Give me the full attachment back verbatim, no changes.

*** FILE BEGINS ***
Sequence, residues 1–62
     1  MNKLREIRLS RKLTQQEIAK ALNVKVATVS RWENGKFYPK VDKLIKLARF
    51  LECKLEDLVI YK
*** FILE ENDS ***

Sequence, residues 1–62
     1  MNKLREIRLS RKLTQQEIAK ALNVKVATVS RWENGKFYPK VDKLIKLARF
    51  LECKLEDLVI YK